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China at the crossroads

17 2 1
30.12.2018

BERLIN - Four decades ago, the Chinese Communist Party, under its new paramount leader Deng Xiaoping, decided to subordinate ideology to wealth creation, spawning a new aphorism, “To get rich is glorious.” The party’s central committee, disavowing Mao Zedong’s thought as dogma, embraced a principle that became Deng’s oft-quoted dictum, “Seek truth from facts.”

Mao’s death earlier in 1976 had triggered a vicious and protracted power struggle. When the diminutive Deng — once described by Mao as a “needle inside a ball of cotton” — finally emerged victorious at the age of 74, he hardly looked like an agent of reform.

But having been purged twice from the party during the Mao years — including once for proclaiming during the 1960s that “it doesn’t matter whether a cat is black or white, as long as it catches mice” — Deng seized the opportunity to usher in transformative change.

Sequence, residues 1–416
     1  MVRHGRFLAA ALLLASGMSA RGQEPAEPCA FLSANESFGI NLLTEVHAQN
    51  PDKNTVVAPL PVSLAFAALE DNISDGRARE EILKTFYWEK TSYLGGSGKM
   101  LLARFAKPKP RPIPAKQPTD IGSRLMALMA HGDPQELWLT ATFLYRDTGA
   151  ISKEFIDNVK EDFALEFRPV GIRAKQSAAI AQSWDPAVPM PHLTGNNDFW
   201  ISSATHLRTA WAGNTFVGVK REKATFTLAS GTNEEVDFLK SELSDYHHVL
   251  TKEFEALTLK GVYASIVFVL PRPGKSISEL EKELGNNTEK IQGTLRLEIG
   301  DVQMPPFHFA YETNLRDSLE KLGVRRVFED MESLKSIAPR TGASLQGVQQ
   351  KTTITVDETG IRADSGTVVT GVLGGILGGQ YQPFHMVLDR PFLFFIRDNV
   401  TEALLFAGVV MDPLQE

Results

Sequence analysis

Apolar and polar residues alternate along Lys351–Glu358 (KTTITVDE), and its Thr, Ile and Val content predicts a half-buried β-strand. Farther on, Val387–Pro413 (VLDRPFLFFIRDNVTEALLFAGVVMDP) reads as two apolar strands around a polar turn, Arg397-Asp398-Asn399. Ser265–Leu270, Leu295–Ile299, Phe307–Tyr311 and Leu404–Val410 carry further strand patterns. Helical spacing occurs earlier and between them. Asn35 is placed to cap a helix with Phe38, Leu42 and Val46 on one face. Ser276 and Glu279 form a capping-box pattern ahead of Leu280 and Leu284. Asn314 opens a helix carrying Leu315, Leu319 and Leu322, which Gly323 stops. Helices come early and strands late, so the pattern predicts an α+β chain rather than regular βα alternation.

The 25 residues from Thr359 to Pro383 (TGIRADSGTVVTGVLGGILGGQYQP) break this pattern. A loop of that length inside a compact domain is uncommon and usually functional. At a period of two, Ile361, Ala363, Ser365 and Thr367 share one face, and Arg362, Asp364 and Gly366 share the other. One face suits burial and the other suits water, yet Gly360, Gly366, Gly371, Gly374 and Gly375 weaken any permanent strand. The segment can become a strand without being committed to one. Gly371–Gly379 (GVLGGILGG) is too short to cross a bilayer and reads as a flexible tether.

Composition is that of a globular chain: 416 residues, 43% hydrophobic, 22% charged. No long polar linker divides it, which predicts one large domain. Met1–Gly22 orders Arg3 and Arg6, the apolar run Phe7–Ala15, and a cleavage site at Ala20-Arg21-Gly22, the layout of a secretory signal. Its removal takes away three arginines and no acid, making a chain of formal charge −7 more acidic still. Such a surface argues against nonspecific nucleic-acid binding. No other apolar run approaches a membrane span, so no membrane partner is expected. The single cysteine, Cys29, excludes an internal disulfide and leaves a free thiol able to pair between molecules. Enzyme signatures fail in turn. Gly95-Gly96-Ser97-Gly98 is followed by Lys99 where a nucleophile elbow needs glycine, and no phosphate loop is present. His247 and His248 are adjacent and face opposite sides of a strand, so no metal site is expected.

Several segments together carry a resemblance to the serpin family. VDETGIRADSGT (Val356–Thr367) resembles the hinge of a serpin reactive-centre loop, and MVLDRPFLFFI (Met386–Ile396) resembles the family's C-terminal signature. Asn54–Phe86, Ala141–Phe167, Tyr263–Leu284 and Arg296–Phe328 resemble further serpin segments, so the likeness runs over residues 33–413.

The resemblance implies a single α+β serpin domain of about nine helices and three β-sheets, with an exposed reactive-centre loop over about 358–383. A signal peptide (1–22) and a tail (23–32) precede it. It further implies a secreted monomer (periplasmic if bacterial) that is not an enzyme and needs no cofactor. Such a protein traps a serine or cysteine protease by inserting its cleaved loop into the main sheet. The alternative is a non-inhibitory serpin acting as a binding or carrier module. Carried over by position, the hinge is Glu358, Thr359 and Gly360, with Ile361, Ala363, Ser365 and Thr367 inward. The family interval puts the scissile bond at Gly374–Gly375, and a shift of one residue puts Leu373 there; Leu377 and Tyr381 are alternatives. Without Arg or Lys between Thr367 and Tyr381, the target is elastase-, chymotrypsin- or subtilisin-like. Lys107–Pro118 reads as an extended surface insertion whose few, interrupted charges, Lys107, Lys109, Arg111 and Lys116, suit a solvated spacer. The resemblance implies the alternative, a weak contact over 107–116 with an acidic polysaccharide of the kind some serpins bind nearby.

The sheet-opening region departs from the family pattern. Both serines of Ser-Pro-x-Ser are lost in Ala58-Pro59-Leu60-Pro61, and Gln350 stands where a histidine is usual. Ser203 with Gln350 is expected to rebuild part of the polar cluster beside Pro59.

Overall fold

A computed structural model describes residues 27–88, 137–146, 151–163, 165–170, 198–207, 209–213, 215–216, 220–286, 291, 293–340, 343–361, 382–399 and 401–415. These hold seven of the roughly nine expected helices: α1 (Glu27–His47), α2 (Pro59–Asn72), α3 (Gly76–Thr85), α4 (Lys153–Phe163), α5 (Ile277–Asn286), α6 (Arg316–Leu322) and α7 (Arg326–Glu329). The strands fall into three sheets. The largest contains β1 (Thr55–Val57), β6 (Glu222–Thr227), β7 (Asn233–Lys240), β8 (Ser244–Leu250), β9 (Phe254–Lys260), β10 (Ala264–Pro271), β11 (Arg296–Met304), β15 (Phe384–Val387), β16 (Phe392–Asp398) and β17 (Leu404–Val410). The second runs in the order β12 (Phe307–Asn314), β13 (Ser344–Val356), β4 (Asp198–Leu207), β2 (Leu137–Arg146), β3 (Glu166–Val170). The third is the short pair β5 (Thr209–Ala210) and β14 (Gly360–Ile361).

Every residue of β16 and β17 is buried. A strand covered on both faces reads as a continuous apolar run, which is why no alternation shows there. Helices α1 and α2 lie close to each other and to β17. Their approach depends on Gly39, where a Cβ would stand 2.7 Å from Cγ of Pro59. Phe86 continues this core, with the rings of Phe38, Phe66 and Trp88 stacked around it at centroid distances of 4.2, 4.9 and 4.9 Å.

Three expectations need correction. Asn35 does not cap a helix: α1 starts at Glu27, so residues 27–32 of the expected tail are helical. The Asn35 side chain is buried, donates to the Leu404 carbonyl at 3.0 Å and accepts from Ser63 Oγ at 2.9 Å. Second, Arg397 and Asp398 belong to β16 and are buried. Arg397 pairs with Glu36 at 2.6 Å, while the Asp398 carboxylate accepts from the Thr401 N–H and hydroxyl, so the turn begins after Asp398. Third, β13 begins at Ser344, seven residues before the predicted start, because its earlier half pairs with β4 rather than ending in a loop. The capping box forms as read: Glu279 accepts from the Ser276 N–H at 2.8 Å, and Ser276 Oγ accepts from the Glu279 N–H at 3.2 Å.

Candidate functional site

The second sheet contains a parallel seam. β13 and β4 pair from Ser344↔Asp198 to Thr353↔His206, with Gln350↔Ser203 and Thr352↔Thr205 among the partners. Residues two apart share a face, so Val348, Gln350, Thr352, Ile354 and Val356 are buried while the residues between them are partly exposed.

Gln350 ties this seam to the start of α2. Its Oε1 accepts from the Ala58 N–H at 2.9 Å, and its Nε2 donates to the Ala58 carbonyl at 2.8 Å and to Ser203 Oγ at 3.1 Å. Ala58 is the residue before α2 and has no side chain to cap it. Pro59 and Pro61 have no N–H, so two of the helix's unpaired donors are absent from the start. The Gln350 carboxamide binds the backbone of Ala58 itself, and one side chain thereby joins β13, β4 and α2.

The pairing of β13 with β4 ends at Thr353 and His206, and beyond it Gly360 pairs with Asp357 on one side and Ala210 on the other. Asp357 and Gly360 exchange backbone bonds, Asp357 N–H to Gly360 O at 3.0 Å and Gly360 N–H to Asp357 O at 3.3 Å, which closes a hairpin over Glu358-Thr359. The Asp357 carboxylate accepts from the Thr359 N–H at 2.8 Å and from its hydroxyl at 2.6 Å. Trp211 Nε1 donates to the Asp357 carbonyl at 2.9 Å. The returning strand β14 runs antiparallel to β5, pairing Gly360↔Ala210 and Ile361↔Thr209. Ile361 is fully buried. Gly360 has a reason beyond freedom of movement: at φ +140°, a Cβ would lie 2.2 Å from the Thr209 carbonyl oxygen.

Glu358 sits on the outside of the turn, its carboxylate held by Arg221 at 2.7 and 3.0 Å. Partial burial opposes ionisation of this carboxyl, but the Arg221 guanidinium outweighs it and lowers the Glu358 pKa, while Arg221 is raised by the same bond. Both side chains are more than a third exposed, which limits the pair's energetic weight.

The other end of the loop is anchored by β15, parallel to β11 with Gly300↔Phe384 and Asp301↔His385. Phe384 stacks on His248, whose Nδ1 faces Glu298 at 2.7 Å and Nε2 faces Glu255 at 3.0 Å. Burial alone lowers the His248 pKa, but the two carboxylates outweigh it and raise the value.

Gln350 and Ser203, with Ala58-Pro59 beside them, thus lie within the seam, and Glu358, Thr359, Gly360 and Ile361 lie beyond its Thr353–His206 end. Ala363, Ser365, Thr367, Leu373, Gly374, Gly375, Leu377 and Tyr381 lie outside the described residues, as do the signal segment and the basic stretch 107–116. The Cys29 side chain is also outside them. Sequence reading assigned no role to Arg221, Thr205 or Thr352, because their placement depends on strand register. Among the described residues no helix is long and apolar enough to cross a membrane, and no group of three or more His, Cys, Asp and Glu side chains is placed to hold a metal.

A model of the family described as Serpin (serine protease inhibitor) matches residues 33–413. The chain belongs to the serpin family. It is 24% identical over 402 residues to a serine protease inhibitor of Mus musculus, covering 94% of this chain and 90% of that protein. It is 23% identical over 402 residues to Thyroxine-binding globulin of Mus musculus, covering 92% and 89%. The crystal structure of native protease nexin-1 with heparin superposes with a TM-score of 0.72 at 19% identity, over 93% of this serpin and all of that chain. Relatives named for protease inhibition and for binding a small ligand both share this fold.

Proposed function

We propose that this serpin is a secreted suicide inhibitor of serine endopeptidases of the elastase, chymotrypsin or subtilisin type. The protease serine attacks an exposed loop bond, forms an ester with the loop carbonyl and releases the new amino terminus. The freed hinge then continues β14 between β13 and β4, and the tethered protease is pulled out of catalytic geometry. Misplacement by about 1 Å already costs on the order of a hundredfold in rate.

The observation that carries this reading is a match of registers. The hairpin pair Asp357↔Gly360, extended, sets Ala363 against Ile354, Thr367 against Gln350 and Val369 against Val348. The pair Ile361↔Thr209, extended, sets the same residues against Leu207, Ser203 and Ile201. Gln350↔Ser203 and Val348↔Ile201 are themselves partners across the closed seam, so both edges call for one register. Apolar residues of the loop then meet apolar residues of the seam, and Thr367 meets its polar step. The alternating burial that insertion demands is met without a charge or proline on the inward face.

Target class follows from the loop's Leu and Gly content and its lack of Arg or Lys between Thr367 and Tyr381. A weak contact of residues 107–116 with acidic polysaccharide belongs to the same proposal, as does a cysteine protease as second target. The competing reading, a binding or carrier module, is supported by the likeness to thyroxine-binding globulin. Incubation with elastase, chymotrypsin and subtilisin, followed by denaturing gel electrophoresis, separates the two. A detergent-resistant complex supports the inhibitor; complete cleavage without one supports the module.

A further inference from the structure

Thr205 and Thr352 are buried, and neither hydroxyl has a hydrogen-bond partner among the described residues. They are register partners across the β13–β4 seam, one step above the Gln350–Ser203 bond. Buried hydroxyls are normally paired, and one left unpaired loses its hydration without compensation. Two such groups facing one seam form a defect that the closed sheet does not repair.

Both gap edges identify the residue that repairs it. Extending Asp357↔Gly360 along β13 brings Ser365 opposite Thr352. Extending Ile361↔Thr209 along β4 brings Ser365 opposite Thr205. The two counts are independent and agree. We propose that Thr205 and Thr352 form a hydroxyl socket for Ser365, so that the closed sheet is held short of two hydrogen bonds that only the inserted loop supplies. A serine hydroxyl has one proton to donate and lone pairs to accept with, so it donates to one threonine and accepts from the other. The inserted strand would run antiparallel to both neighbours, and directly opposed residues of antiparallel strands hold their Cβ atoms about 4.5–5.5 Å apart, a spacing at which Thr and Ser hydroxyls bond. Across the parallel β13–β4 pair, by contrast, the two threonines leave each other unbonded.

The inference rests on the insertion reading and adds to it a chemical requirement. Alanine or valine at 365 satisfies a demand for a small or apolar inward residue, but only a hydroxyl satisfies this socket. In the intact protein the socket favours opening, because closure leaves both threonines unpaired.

The Four Modernizations program under Deng drastically transformed China, including spurring its phenomenal economic rise. China’s economy today is 30 times larger than it was three decades ago.

In 2010, China overtook Japan as the world’s second-largest economy behind the United States. If GDP is measured in terms of purchasing power parity, China’s economy is already larger than America’s, according to the International Monetary Fund and the World Bank.

Yet, four decades after it initiated reform and started opening up to foreign capital and influence, China finds itself at the crossroads, with its future trajectory anything but certain.

To be sure, when it celebrates in 2019 the 70th anniversary of its communist “revolution,” China can truly be proud of its remarkable achievements. An impoverished, backward nation in 1949, it has risen dramatically and now commands respect and awe around the........

© The Japan Times